Costco announced this week that it is raising pay for its entry-level workers to $15 an hour — up a dollar from an increase nine months ago.

The February jobs report “offered some unambiguously good news, including 3.4 percent year-over-year wage growth, the strongest in a decade,” said the New York Times. It continued:

A broader measure of employment that includes part-timers who would prefer full-time work and those too discouraged to search fell to 7.3 percent from 8.1 percent. “That’s a year’s worth of improvement in one month,” said G. Scott Clemons, chief investment strategist at the private bank Brown Brothers Harriman.

With job postings outpacing applicants, Adecco has started to offer daily pay to lure more people into the pool of potential workers. Many job seekers can’t wait two weeks for the paychecks, Mr. Ravenscroft said. Now, “if you log eight hours that day, you get paid for it.”

The Wall Street Journal reported that “hourly worker wages … were up 3.4% from a year earlier in February, the strongest pace since April 2009.” The Journal continued:

Jermaine Waller is one worker feeling the benefits of higher wages. After eight years working minimum-wage security jobs, Mr. Waller, 31, grew frustrated and pursued training, becoming certified as a collision-repair technician.

In February he started work at Blossom Chevrolet in Indianapolis, Ind., which offered Mr. Waller a raise to $17.50 an hour to lure him from another dealership. He said a shorter commute means he could surprise his son with lunch at school.

“I can afford the stuff I never had—and to be the Dad I never had,” he said.

The Associated Press reported that “average hourly pay last month rose 3.4 percent from a year earlier — the sharpest year-over-year increase in a decade.”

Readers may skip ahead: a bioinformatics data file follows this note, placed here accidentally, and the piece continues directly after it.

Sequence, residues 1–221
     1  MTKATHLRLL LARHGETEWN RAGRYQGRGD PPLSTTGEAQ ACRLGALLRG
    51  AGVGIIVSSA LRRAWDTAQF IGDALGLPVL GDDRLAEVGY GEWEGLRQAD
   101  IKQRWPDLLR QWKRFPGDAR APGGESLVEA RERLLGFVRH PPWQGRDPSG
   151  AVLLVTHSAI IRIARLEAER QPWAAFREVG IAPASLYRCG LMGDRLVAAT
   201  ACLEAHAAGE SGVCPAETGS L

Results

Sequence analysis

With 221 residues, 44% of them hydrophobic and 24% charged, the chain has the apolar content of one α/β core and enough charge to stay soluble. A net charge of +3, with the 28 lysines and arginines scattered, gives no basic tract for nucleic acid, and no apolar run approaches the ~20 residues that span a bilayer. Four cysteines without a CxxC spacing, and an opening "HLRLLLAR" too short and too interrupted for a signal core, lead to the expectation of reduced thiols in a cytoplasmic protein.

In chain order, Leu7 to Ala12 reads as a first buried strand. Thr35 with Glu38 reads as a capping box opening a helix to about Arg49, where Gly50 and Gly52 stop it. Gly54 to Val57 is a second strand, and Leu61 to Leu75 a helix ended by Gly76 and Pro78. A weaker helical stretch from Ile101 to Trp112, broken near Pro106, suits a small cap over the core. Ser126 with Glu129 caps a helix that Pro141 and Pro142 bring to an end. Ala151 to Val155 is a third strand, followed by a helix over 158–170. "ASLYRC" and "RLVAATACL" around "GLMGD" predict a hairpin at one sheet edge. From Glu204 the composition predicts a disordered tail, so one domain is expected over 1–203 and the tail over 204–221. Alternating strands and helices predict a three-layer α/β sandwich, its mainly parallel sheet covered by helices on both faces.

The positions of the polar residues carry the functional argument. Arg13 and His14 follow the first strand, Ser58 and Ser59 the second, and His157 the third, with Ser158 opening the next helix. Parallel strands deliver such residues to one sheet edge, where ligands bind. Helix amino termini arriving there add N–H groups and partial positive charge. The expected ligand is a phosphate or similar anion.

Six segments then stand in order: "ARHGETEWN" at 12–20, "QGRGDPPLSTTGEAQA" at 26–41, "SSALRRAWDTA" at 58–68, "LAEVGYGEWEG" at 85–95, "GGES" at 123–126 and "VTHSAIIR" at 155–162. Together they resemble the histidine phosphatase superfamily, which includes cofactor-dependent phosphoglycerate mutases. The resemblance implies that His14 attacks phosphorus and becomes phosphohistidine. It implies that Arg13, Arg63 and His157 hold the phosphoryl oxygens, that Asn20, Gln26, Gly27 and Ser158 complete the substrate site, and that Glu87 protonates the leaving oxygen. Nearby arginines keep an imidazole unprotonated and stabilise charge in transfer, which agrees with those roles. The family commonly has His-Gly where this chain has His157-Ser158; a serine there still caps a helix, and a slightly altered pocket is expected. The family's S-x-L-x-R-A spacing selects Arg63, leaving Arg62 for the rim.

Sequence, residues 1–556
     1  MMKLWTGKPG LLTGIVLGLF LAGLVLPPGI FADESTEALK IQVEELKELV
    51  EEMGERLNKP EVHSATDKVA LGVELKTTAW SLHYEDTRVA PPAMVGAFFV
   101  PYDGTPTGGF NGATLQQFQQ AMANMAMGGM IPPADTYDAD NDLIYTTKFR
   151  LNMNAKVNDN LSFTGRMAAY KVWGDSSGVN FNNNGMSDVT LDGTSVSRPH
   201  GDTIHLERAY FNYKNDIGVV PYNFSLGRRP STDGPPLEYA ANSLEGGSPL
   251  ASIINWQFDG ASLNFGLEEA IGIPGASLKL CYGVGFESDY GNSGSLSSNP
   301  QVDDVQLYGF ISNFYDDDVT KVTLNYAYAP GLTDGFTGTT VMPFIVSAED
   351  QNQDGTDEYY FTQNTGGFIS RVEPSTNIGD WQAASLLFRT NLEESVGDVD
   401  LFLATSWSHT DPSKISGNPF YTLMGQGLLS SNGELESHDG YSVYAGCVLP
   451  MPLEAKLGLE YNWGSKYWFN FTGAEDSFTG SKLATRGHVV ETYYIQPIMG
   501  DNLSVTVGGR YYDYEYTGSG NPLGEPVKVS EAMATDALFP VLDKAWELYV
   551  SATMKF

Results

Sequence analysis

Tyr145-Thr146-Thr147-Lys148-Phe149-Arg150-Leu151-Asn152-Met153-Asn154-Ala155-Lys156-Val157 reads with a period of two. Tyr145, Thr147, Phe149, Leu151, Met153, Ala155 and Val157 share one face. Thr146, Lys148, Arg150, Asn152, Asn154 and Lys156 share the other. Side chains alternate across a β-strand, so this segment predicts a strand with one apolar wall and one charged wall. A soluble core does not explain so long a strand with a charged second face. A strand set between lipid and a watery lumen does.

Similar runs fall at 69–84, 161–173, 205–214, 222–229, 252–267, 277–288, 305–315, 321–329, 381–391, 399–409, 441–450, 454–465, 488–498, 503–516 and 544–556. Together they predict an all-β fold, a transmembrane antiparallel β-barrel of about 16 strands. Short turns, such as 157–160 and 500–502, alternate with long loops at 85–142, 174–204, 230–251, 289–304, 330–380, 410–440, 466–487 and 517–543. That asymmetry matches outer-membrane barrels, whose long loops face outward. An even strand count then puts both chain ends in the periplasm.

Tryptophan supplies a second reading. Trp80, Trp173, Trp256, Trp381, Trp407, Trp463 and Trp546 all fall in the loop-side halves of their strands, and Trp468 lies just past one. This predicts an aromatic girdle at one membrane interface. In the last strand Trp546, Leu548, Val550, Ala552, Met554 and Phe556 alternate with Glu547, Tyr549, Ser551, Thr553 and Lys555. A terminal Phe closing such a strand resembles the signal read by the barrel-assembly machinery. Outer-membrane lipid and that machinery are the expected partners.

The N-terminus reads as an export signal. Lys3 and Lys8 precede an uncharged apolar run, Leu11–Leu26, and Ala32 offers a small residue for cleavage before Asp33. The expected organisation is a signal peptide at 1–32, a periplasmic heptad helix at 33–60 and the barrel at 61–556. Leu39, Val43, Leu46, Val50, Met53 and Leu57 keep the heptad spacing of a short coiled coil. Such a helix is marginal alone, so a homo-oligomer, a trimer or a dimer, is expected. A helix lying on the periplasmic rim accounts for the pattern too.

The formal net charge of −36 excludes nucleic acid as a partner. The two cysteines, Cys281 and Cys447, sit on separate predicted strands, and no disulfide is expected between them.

Throughout 2018, wages rose faster among Americans who switched jobs and faster in states with low shares of immigrant workers. In Minnesota, for example, immigrants have inflated the labor supply by only ten percent, so wages rose by 5.2 percent during 2018.

Amid the rising wages, Minnesota’s Democratic Sen. Amy Klobuchar is protesting the low unemployment rate and the lack of imported workers which are spiking the salaries paid to her voters.

In Congress, legislators are also feeling pressure from business groups. For example, legislators in the House and Senate are proposing a plan that would encourage many Indians, Filipino, and Chinese college graduates to take low-wage jobs in the U.S. healthcare industry from U.S. college graduates.

Trump knows that his “Hire American” policy is forcing companies to hire people they do not want to hire. On February 25, for example, he said his strong economy is pressuring companies to hire former convicts. He said:

Many states here today are following the same roadmap to help former inmates become productive and law-abiding citizens. And one of the thing that’s helping the inmates so much — you know this probably better than I do — the economy is so strong that inmates, for the first time, are getting jobs when they come out.

And I have a friend who’s hired seven or eight. I can’t say every one was perfect, but he said, “Five are — I’ll always have them. They’re great.” They got a chance. Nobody would hire them because they have that — whatever it is in the background. And it’s a very tough situation for them in the past.

But the economy is so strong. The economy — the strength of the economy became our best friend. They couldn’t get workers, and now they’re hiring people that they normally wouldn’t have. And the results are incredible. Companies all over the country are saying, “Wow, they are really — they’re really doing a great job.” And it makes me very happy. I think without that very powerful economy it couldn’t happen.